A Routine Google Change Turns Search Traffic into Referrer Traffic

Google has changed the way it reports referrer information to users who use the Chrome browser. As a result of this some analytics programs may list search visitors as referrers, implying they came directly from Google without doing a search.

On Monday Night Google posted an update on its Webmaster Blog. It was regarding the Google HTTP Referrer.

It read:

“Starting in April, for browsers with the appropriate support, we will be using the “referrer” meta tag to automatically simplify the referring URL that is sent by the browser when visiting a page linked from an organic search result. This results in a faster time to result and more streamlined experience for the user.”

For those finding it tough to understand, here is a simplified version of it. Referrers are Caller IDs for web browsers that tell websites where someone comes from. If you click on one page to visit the next, the page you were on is passed along as referrer information that can be seen through web analytics tools.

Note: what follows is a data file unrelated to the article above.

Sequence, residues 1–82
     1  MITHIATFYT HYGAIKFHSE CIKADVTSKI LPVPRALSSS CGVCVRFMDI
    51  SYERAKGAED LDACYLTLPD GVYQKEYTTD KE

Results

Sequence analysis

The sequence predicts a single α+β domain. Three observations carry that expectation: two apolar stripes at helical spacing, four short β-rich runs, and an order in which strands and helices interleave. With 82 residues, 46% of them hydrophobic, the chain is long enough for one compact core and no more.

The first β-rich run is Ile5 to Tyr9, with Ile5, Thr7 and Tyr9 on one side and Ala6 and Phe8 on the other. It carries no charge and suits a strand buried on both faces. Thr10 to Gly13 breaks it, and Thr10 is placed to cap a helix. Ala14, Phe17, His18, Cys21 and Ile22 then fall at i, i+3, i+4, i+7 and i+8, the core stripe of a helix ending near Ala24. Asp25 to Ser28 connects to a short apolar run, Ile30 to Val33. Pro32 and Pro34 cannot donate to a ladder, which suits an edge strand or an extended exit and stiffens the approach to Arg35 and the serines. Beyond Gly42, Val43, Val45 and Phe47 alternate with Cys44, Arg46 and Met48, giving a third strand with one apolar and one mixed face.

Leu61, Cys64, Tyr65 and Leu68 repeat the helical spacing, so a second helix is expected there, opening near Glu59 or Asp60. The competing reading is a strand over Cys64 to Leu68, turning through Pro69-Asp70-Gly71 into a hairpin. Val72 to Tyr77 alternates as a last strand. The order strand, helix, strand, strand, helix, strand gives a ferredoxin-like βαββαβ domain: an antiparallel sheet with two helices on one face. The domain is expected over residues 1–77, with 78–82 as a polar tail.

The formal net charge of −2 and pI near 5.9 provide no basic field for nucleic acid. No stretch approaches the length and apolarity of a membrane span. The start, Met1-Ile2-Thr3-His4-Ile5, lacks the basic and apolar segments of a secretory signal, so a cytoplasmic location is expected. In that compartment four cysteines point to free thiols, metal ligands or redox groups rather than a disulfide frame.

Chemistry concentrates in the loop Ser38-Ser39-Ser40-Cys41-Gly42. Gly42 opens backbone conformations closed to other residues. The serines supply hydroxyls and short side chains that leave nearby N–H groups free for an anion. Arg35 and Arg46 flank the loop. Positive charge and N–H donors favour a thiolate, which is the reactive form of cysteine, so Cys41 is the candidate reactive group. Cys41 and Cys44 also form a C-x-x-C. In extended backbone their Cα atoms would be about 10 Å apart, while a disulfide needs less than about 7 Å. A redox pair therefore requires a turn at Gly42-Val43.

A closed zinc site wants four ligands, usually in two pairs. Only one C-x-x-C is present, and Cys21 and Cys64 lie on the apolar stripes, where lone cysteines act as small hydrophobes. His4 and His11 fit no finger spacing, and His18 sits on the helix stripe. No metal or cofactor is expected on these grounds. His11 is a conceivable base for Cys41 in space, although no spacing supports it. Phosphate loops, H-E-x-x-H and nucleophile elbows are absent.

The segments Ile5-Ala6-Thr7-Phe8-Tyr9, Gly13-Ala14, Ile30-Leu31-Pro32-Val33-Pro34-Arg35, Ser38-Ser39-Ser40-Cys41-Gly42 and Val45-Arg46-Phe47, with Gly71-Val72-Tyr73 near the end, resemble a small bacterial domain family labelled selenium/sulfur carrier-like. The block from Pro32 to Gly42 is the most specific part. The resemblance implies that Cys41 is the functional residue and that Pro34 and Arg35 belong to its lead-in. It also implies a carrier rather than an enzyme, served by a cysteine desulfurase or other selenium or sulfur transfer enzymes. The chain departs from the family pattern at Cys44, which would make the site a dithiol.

Last year Google blocked referrer information from being leaked by those searching on the engine in case they were signed up and using a secure connection. Google justified the change as necessary to maintain higher levels of privacy. From April this year, Google will begin to use the referrer meta-tag to report a simplified “referrer”. The tag will help override the real referrer.

The change only impacts Chrome and nothing else as only Chrome supports the meta-referrer tag. Users on the Chrome browser will pass along a shorter URL for where they came from.

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